National lockdown extended by two weeks

President Cyril Ramaphosa announced on Thursday evening the lockdown will remain in place until 30 April 2020.

The national lockdown will be extended by two weeks, from midnight on 16 April 2020, President Cyril Ramaphosa announced on Thursday evening.

“This evening I ask you to ask you to endure even longer. I have to ask you to make even greater sacrifices. After careful consideration of the available evidence, the lockdown will be extended by a further two weeks beyond the initial 21 days.”

“We will use this time to wrap up our public health interventions. We did not take this decision lightly. As your president, I am mindful of the heavy burden this will have on our economy. But I know as you do that unless we take these measures now and hold this course, the pandemic will engulf and consume our country.

“As government together with our many partners we have intensified our public health strategy. Our approach is to screen people and isolate those who are infected and care for those who are ill in our health facilities. We have used the last week to develop our screening methodology.”

“Those who cannot self isolate at home will do so at special facilities. We will at all times observe the human rights of all people.”

“Our Covid-19 centre is already identifying hotspots and the spread of the disease. We are working to locate those who have tested positive and those with whom they’ve been in contact.”

“The unemployed insurance fund has set aside R40 billion to assist those who cannot work. To date, R356 million has been paid out. I would like to applaud all employers who have continued to pay their employees.”

The president addressed the nation on day 14 of the national lockdown to share the government’s continued efforts to contain the spread of the coronavirus in the country. The address follows a meeting of the National Coronavirus Command Council held on 8 April 2020 and consultations the president held with various social partners.

Ramaphosa said over the next two weeks, the government will roll out the screening program across all provinces.

“Those who cannot self isolate at home will do so at special facilities. We will at all times observe the human rights of all people.”

Ramaphosa has called on all businesses to continue to pay their suppliers so they can continue to operate.”

“We must do all we can to ensure the underlying economy continues to function.”

“Government has prioritised R1.2 billion to provide relief to smaller farmers and contribute to food supply,” he said.

“One of the biggest challenges all countries are facing is the shortage of medical supplies. As a country we have had to rely on our own capabilities but also had to source from other countries. We have seen a massive mobilisation by businesses and private sectors to build stocks for equipment to fight the virus,” Ramaphosa said.

“We have been working to provide basic needs such as water and food to the poorest South Africans. We have provided spaza shops with financial help. Over 11 000 water storage tanks have been delivered to communities across the country.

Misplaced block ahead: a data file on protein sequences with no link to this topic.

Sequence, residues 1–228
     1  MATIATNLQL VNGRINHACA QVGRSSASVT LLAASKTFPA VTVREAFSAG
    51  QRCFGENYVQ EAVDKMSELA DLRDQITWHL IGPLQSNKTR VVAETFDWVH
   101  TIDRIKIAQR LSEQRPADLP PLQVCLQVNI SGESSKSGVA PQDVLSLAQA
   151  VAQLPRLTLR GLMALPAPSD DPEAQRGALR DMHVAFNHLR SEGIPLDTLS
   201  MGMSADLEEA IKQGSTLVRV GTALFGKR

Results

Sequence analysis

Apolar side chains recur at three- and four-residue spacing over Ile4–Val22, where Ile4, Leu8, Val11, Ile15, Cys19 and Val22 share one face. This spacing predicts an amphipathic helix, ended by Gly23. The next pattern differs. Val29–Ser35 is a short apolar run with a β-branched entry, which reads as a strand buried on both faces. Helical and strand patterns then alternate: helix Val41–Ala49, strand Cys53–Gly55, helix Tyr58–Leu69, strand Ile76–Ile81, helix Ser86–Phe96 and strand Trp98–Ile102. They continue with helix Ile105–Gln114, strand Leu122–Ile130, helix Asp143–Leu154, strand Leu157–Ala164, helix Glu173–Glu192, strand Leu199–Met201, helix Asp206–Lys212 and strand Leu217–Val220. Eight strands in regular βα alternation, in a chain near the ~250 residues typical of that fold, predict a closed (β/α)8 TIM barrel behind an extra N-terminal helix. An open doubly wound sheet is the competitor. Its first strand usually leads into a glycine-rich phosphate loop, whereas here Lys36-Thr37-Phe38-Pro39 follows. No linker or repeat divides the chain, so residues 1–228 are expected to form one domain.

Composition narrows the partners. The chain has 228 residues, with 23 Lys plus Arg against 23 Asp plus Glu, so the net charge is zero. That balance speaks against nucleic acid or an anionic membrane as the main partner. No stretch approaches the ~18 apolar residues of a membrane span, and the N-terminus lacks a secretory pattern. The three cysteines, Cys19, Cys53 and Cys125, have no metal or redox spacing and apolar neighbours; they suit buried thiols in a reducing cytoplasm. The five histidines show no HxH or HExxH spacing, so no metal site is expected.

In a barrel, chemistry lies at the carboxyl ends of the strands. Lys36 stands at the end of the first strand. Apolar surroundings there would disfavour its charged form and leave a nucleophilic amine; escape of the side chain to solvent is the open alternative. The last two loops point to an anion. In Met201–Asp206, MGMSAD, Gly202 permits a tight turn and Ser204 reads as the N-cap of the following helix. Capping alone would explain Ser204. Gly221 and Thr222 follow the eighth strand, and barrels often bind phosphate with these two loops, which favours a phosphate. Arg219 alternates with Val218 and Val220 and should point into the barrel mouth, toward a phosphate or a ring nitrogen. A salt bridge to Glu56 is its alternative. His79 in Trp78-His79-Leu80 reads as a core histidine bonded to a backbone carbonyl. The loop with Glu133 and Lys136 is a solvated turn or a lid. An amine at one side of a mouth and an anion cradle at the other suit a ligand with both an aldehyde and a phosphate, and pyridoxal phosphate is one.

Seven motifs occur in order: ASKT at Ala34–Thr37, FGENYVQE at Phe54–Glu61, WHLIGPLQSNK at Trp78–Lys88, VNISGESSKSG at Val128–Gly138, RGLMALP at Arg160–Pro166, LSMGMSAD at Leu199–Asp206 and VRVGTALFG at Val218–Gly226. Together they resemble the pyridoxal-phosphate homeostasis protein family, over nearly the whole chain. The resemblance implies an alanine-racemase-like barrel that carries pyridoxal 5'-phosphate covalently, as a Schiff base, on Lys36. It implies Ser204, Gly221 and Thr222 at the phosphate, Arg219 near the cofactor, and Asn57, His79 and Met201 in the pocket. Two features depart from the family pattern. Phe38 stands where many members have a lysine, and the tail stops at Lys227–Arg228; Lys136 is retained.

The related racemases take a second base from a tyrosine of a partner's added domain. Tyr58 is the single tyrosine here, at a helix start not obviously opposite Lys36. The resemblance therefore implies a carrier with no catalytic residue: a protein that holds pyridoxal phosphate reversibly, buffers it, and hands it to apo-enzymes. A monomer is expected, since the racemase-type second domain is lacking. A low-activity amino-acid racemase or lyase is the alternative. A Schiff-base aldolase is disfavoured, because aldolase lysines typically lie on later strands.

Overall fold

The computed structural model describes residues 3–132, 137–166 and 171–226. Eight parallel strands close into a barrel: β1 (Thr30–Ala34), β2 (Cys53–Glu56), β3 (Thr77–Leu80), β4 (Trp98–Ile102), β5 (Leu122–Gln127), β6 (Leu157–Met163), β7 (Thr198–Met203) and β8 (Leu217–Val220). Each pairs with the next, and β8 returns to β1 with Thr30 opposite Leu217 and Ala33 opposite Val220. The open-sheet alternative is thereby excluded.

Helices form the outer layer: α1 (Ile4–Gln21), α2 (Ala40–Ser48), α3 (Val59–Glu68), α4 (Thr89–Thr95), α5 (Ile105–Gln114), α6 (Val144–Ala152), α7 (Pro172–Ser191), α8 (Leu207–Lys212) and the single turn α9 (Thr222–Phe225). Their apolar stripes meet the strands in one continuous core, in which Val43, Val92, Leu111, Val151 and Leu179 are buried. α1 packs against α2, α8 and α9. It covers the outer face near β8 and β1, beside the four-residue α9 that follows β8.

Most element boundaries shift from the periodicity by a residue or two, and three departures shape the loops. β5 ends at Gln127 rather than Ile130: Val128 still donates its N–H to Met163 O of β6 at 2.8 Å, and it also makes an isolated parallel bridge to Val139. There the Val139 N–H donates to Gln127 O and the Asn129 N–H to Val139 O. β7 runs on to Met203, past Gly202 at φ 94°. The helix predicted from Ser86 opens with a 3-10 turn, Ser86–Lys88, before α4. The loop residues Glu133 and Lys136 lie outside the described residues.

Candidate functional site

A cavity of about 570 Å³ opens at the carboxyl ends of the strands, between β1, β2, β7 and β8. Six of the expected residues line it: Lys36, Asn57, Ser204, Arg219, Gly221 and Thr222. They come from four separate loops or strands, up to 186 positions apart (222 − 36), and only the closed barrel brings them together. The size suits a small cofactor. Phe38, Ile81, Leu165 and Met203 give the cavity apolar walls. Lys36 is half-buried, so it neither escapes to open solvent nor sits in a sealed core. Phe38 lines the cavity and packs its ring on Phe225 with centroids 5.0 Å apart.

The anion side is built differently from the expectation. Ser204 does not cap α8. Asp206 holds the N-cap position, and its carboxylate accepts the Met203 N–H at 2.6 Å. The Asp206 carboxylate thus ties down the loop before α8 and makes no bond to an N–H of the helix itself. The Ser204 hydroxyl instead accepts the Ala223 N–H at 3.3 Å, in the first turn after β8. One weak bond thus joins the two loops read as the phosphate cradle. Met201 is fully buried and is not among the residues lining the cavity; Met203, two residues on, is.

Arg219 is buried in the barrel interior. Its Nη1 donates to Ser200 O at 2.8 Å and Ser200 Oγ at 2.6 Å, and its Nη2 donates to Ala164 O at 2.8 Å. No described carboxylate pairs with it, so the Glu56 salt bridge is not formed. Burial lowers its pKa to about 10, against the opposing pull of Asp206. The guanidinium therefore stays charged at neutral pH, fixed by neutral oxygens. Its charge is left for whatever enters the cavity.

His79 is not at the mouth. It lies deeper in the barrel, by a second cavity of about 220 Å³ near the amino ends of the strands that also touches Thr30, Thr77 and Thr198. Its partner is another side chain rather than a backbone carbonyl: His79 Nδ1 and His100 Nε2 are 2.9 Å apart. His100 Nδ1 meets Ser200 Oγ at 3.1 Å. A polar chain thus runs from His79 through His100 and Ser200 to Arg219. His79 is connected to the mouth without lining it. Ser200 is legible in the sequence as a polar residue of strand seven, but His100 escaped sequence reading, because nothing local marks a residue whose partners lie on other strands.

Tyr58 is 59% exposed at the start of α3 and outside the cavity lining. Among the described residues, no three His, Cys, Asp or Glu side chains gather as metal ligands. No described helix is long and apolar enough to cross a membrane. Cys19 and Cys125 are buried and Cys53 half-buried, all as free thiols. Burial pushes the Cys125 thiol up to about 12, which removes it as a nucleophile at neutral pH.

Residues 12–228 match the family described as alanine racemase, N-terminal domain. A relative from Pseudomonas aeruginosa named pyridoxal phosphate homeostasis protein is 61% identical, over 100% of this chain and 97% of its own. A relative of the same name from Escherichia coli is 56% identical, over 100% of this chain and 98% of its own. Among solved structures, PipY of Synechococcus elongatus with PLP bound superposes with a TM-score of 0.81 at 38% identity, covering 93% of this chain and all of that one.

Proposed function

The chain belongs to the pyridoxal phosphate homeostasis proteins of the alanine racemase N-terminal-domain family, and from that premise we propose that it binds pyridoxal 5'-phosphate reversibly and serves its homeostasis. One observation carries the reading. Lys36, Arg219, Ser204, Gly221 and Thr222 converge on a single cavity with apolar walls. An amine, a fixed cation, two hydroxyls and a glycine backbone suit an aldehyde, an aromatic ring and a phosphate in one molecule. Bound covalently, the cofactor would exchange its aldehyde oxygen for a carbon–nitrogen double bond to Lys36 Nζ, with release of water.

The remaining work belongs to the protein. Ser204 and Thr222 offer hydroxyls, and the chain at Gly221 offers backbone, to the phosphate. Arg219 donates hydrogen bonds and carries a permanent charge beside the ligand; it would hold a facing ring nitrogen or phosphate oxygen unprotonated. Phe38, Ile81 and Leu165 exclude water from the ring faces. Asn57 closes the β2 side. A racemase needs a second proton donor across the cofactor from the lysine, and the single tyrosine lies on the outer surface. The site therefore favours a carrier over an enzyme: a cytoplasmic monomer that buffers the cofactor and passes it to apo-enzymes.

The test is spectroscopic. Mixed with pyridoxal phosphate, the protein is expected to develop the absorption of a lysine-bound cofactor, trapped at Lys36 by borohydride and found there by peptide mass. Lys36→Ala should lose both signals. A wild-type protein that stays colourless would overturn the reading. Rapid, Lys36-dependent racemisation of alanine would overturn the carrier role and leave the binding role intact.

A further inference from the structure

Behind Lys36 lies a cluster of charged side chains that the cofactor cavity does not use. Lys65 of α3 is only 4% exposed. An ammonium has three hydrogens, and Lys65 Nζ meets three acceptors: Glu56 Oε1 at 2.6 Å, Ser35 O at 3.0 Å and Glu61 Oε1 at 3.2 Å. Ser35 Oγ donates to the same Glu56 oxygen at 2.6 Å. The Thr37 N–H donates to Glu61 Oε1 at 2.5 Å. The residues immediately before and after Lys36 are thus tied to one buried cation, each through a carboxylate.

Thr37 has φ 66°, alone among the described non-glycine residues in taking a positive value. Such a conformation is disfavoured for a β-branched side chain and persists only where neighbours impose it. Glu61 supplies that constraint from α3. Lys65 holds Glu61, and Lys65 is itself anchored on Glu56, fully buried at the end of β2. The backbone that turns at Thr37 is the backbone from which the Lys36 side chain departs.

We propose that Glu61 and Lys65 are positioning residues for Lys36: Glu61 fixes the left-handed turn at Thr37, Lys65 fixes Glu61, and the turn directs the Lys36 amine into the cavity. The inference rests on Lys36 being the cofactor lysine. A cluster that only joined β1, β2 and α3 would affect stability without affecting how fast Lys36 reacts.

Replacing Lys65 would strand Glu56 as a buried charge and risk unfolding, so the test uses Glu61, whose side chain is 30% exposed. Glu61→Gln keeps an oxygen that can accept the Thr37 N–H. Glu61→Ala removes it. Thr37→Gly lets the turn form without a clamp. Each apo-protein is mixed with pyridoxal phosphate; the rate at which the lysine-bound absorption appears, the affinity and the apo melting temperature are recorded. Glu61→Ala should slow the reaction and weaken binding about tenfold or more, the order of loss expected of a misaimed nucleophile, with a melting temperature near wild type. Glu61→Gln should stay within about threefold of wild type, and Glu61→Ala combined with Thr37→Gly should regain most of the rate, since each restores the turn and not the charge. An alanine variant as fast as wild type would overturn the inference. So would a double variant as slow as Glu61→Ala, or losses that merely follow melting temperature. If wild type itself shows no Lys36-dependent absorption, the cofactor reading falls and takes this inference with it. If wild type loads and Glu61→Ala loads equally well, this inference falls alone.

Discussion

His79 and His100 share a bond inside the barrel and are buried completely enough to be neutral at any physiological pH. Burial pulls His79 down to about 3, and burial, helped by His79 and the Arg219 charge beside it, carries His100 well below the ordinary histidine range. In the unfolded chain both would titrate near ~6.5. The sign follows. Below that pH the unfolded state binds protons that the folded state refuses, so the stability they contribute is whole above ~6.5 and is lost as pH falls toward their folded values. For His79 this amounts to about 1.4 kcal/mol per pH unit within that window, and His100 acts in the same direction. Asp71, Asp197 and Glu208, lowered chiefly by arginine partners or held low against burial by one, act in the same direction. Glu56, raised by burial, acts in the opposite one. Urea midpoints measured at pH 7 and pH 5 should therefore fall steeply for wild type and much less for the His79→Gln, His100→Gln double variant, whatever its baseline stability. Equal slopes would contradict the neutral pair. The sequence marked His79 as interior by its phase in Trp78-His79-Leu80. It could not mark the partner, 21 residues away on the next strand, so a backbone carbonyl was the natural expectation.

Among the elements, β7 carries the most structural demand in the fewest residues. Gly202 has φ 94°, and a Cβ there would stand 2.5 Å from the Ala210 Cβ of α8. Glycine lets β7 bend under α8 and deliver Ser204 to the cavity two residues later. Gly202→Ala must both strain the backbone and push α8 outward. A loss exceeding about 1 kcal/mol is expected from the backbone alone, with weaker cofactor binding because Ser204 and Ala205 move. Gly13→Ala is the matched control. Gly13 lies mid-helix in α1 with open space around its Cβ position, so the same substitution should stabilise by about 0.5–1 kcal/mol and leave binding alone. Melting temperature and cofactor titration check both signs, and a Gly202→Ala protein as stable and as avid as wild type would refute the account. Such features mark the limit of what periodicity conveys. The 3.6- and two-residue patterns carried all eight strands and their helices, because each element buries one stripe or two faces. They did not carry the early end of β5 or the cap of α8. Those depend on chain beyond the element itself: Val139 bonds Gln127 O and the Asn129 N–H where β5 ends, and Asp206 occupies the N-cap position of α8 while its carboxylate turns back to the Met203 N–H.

“All of these efforts will not be sufficient on their own to cushion the poor from the pandemic.”

Ramaphosa added that additional extraordinary measures will need to be put in place in the coming weeks and months.

“We are in a situation that demands exceptional methods. Cabinet will be developing a comprehensive package of economic measures to respond to the severe economic challenges we must confront in the months ahead.”

“An essential part of our response is the principle of solidarity. In support of this effort, we have decided that the President, Deputy President, Ministers and Deputy Ministers will each take a one-third pay cut which will be donated to the solidarity fund.”

Ramaphosa said premiers will also take a one-third pay-cut to donate to the solidarity fund.

“As we confront this disease we are part of a global effort that is bringing humanity together. For us, in South Africa, the coronavirus pandemic has changed everything. We can no longer work in the same way we did before.”

“We will need to adapt to a new reality. As we emerge from this crisis our country will need to undergo a process of fundamental change. We will draw on our strengths, our proven capabilities and the depth of talent amongst our own people.”

He said a uniquely South African response will be crafted.

“I ask that you keep in your thoughts tonight those who are vulnerable and those who are alone. I ask that you give what you can to alleviate their burden. This is a difficult time for all of us. We carry the message of Easter in our hearts. As we struggle to defeat this pandemic we remain strong and united as South Africans.”

“Our struggle requires fundamental changes in the behaviour of all of us. The same rules remain. Physical contact allows the virus to be spread and must be avoided. We must continue to wash our hands. To stay safe we must respect all restrictions placed on our movement and on our daily lives,” Ramaphosa said.

As of Thursday evening, there were 1934 positive confirmed cases.

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